The Parallel Ice Sheet Model stable0.5 is an open source, parallel, high-resolution ice sheet model:
We have been notified that two PISM-supporting NASA research proposals have been selected for funding, one in the Cryospheric Sciences program and one in the Modeling, Analysis, and Prediction (MAP) program. Our proposed research threads focus on the dynamics of the Greenland ice sheet and on the exploitation of NASA remote observations as constraints. The current MAP grant expires in the next few months, so this news is timely. The new grants support PISM development and application for four years, through mid-2017. They include support for UAF researchers Ed Bueler, Andy Aschwanden, and Mark Fahnestock, and full-time support for scientific programmer Constantine Khroulev.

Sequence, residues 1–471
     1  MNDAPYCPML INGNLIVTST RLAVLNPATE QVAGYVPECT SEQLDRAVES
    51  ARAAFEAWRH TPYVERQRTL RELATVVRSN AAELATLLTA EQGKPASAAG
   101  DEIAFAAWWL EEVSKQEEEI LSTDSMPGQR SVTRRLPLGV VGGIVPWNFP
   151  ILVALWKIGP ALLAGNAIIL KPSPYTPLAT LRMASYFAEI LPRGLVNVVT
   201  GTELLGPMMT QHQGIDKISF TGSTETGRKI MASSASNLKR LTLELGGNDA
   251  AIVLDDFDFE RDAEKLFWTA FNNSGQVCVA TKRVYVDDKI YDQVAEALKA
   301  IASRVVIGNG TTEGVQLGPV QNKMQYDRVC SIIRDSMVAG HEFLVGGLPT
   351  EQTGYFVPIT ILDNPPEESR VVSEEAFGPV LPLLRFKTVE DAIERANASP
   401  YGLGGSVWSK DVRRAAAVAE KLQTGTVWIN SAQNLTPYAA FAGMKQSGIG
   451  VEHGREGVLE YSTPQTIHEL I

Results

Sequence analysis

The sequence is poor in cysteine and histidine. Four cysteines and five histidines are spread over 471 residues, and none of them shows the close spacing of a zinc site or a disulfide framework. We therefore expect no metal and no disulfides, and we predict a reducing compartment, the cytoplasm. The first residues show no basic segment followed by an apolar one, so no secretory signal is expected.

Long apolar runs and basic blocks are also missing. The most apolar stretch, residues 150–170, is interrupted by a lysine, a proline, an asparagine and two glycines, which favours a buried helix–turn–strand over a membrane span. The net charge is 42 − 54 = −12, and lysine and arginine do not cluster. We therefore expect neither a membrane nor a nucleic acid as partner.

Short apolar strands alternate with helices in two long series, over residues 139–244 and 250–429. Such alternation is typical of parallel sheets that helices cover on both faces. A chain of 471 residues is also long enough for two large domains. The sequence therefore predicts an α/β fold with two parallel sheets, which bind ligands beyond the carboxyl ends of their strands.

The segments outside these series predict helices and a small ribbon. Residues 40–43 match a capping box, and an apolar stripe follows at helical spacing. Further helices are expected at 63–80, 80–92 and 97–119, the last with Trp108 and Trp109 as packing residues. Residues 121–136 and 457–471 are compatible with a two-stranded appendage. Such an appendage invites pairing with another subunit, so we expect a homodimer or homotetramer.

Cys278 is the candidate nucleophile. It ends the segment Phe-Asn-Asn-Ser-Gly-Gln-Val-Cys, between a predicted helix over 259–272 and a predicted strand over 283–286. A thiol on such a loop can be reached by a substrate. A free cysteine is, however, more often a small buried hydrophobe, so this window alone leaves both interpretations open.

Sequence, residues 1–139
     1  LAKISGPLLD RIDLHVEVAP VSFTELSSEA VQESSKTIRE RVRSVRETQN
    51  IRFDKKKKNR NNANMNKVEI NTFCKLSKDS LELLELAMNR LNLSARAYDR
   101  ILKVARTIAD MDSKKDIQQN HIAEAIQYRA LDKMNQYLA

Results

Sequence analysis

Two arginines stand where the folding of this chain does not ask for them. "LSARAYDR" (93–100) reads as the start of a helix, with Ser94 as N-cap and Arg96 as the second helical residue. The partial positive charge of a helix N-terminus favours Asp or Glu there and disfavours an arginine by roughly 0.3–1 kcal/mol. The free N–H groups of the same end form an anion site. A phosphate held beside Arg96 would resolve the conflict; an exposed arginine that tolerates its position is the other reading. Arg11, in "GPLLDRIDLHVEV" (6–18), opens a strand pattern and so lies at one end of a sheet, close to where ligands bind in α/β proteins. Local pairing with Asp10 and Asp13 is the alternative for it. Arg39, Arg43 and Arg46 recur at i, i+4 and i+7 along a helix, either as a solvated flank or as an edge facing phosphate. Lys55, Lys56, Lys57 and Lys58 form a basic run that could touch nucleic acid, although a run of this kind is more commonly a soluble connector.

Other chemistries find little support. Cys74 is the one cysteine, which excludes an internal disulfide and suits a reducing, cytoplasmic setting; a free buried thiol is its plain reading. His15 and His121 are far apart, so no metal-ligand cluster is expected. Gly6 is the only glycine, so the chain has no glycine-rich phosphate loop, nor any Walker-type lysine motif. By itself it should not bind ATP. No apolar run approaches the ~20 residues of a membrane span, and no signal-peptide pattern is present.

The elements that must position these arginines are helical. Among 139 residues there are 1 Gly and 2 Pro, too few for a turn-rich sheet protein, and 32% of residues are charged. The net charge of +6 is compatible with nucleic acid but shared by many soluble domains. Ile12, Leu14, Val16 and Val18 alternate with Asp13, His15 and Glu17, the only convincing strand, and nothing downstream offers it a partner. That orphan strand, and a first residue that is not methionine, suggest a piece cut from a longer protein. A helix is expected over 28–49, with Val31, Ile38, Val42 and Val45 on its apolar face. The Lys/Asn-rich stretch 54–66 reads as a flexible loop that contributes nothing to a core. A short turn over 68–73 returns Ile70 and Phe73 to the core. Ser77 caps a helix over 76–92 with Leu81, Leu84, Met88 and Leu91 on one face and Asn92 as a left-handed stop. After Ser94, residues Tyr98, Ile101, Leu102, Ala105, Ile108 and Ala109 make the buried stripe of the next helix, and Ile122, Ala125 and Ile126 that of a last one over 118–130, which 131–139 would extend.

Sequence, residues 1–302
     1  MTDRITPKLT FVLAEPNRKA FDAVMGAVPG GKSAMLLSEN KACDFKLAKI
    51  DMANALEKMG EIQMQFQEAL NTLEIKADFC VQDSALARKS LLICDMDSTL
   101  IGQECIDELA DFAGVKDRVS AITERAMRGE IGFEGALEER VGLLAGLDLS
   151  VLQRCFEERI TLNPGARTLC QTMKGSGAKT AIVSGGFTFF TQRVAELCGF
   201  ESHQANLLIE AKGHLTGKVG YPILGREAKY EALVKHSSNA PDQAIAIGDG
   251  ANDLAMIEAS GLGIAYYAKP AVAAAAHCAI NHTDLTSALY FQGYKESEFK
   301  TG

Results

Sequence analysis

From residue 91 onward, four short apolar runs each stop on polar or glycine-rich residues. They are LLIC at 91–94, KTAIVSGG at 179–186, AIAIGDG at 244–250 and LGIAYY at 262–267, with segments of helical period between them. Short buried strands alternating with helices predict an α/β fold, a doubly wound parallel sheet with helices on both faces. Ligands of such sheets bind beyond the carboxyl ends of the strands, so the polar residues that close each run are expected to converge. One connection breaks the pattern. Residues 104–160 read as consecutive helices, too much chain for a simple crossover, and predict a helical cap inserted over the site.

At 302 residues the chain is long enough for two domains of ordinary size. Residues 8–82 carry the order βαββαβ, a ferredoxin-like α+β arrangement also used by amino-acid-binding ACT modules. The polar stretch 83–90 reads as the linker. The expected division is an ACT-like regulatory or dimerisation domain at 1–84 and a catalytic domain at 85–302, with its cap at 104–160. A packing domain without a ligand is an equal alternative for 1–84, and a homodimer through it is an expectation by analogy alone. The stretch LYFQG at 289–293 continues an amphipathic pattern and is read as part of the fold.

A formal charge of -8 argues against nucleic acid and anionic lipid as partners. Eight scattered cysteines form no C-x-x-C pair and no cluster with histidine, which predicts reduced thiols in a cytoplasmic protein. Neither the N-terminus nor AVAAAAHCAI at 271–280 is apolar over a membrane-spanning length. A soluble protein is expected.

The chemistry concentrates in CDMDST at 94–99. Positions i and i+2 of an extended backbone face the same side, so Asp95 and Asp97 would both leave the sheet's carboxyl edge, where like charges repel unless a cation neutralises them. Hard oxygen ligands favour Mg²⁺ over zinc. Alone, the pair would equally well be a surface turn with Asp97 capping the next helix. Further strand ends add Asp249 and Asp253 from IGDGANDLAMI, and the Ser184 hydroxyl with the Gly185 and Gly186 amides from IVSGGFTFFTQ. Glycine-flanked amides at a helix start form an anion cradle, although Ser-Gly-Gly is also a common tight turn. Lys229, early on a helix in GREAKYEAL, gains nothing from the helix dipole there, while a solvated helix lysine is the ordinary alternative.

Here, basal conditions for different years before and after the break-up of the tongue are inferred from surface velocity measurements to investigate the changes and to compare them with parameterizations of basal conditions commonly used in ice-sheet models.
All inversions reproduce the overall pattern of observed surface velocities, which shows that, in general, our data and model choices are capable of reproducing the observations by only adjusting basal yield stress. In the lower 5 km of the glacier a clear trend from higher to lower basal yield stress values is visible.
PISM is jointly developed at the University of Alaska, Fairbanks (UAF) and the Potsdam Institute for Climate Impact Research (PIK). UAF developers are in the Glaciers Group at the GI. We are supported by NASA's Modeling, Analysis, and Prediction and Cryospheric Sciences Program and by the Arctic Region Supercomputing Center.